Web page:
Almost Genius: The Cardboard Box That Fits Anything Perfectly

An invention that might eliminate almost all of the wasted space in a cardboard box.

universal packaging system

How brilliant is this? Designer Patrick Sung's Universal Packaging System is meant to precisely fit anything that needs shipping. The individual cardboard sheets are scored with a triangle pattern that can either be fitted to an oddly shaped object, or formed into a custom fitted cardboard box:

ups

Potentially massive savings would result from all the extra shipping space saved--cutting down on how much space each package takes up, and therefore the number of gas-guzzling trucks needed during shipping.

There's just a few niggles. For one, would anyone really put up with the added hassle of folding a custom-sized box, given all the added complexity? And two, the space savings issue might be more complicated than it seems: If people pack things in oddly shaped boxes, there's every possibility that these all don't fit together well enough to actually save space. (That's why square-shaped boxes are so efficient.) But still, with a few tweaks--such as printed guidelines for easily creating boxes of different size--this could be the cleverest thing since the Puma shoebox redesign.

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18 Comments

  • Emma

    From a design point of view, I think this is epic! Of course, you wouldn't transport everything in this way and, if it is fragile then you would use padding. Would the items need to be stacked? The post office always throws your mail into a huge bag, wouldn't a similar system work just as well. Anyway, the saving on materials is a bonus, if they were sold in big enough sheets then the off cuts would still be useful for smaller items. The look of it just being a ball of tape could also be avoided by simply generalising the shape which would happen anyway if you added padding.

  • Darryl Haley

    I worked in the Corrugated Carton Industry for over 6 years as a structural designer and from my experience companies would never go for this. They all want their product to be protected when shipped and this would never hold up. A box's strength comes from the shape of the corrugate and the corners. The triangles create weak points all over the surface that could collapse even if formed into a cube as it travels in a truck. The corners wouldn't line up and so you lose the column effect that creates strength. Using strength analysis in programs like CAPE it is known that when the corners don't line up you lose 20-30% of your stacking strength. Great for a wrap to prevent burst damage though.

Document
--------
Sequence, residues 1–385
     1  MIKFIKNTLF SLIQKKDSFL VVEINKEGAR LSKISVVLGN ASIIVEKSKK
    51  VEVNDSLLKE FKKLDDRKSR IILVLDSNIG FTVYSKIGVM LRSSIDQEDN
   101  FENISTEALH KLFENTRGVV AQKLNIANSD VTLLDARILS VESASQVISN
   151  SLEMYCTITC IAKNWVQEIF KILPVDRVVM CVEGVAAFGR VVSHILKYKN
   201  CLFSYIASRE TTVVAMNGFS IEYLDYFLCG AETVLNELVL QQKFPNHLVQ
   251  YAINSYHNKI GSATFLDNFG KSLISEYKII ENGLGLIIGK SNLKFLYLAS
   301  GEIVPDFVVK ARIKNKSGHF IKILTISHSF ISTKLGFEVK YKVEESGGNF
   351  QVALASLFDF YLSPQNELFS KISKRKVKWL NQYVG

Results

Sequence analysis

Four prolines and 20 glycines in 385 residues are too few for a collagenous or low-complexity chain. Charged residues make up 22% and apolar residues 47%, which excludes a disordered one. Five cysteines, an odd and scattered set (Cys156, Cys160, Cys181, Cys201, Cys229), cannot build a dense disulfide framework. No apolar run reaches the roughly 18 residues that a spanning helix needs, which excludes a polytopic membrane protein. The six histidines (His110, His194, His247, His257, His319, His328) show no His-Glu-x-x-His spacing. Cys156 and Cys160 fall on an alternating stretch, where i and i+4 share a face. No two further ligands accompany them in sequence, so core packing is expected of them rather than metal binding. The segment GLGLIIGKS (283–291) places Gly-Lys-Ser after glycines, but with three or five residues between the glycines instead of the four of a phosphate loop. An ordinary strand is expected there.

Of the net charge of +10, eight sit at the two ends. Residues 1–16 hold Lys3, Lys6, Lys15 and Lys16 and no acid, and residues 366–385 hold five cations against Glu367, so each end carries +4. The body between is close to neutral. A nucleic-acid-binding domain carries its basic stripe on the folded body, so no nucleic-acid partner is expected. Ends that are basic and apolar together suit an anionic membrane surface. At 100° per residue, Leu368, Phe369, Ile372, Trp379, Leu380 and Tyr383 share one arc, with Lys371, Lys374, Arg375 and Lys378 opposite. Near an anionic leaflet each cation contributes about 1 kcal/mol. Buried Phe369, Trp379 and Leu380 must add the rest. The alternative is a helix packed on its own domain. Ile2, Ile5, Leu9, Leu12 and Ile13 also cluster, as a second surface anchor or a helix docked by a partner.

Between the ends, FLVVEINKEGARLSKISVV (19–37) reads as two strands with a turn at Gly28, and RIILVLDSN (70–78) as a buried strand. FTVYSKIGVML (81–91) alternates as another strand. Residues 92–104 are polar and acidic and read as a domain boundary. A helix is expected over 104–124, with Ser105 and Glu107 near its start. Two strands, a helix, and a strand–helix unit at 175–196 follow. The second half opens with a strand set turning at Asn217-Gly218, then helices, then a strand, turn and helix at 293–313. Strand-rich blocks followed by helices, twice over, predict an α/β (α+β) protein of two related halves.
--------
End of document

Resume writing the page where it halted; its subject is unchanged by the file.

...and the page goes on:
• Peter Alexander

    Could be ideal for book publishers, CD publishers, et al. Our company would test it.

  • Eric MacLeod

    This is a warehouse/stockroom manager's nightmare. It's nice until you have at least two geodesic space-saving beauties that need to be stacked. This nonsense belongs in the Onion.

  • Eric MacLeod

    This is a warehouse/stockroom manager's nightmare. It's nice until you have at least two geodesic space-saving beauties that need to be stacked.

  • John Williams

    If this custom box hit the market today you are all right on the money: UPS would be pissed. However, imagine 5-10 years down the road when a sorting system is developed that can scan (or in some manner detect) the unique shape of the boxes then pack them in the most efficient way. The invention is good, but the future it may represent is much greater.

  • Futureman M

    So how do you stack these on a dolly. or in a truck? I like the concept but this looks like most of these "custom" boxes will end up a tape ball mess...

  • Whys Alives

    Is there a contest to guess what is in the oddly shaped box? I'm guessing a bronze sculpture.